Aromatic Isocyanates from Biorenewables


 Number/Link: US2012302786

Applicant/Assignee: BASF

Publication date: 29-11-2012

Gist”: Lignin is reduced to hydroxy- or alkoxy monocyclic aromatics by pyrolysis (e.g.), condensed with formaldehyde, aminated and subsequently phosgenated to produce isocyanates.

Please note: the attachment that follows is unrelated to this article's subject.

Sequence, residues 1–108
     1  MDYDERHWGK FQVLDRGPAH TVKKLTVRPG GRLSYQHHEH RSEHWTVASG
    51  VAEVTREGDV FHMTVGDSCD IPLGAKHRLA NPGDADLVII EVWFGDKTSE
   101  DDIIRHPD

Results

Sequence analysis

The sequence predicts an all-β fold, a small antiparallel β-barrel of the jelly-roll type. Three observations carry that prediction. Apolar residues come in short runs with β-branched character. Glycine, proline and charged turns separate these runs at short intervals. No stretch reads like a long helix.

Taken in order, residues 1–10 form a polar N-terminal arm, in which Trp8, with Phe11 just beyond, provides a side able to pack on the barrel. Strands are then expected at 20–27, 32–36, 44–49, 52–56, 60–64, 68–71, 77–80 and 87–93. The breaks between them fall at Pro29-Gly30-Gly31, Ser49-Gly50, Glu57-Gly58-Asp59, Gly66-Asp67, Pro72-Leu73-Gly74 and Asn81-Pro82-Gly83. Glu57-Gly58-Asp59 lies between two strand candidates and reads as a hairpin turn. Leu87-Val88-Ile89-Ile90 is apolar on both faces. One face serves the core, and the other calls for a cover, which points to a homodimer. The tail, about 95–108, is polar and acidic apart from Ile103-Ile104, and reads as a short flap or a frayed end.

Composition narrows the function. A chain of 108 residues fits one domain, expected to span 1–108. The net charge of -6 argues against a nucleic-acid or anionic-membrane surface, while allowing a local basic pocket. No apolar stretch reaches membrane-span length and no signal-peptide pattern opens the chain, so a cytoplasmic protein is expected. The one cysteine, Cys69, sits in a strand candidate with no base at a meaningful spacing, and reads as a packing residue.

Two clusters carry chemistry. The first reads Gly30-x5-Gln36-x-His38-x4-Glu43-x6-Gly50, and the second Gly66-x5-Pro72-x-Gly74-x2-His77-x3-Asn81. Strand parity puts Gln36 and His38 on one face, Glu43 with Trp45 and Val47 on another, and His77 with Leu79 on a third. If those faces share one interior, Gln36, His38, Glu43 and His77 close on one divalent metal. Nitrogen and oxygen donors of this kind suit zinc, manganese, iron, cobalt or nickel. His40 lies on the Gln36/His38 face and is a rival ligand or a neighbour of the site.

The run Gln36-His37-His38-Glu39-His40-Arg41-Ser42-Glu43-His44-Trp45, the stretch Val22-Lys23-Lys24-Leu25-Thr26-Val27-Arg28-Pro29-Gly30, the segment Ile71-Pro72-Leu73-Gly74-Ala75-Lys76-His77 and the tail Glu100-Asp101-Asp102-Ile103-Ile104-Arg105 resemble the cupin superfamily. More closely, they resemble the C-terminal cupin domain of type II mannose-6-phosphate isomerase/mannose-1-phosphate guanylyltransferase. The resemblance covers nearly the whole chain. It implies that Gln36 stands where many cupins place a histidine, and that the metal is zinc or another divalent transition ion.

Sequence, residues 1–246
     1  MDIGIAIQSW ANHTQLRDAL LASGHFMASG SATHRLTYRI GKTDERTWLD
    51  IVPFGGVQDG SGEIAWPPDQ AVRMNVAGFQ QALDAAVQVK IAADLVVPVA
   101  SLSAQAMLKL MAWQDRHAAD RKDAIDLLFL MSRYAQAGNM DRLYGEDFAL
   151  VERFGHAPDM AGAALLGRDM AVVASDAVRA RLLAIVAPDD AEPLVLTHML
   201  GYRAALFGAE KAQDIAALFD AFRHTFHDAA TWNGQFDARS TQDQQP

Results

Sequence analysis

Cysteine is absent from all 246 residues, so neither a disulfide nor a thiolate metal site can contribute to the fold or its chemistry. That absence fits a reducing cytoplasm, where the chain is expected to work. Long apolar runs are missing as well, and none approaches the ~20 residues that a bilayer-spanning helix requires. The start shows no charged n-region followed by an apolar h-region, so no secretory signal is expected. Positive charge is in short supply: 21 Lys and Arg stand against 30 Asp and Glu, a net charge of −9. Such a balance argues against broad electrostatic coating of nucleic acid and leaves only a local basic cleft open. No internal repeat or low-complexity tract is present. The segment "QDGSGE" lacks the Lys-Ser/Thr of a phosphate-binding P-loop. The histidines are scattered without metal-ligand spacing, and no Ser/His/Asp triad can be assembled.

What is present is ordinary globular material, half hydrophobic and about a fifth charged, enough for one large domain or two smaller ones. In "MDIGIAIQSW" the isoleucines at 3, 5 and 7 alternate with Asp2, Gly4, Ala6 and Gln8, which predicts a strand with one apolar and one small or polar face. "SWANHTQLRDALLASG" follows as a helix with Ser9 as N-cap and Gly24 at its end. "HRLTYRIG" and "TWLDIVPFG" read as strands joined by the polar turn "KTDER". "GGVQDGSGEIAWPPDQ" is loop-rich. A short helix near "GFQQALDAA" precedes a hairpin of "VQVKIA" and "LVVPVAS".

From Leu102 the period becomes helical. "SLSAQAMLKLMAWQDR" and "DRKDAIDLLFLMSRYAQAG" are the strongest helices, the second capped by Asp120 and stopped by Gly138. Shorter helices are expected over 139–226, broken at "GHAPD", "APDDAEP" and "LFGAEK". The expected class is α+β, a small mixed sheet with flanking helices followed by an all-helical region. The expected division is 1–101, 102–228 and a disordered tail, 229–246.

Why it is interesting: The use of renewable raw materials has been a steeply rising trend in the polyurethane science- and patent literature of the last few years. Up to now the research has almost always been related to renewable polyols usually based on ‘vegetable’ oils like castor oil, soy oil and a host of other naturally occuring materials. BASF is the first to succeed in making -the economically most important- aromatic isocyanates from renewable raw materials, viz. lignin, which is an abundant and cheap by-product from the paper industry.  The lignin is first broken down to monocyclic aromatics containing hydroxyl groups, then condensed with formaldehyde to di- or poly-hydroxyaromatics which are then turned into amines. The amines can be phosgenated to yield isocyanates.  In the first claim the renewable aromatic amines are defined by their C14 to C12 ratio – establishing their non-fossil origin.  Very clever. lignin

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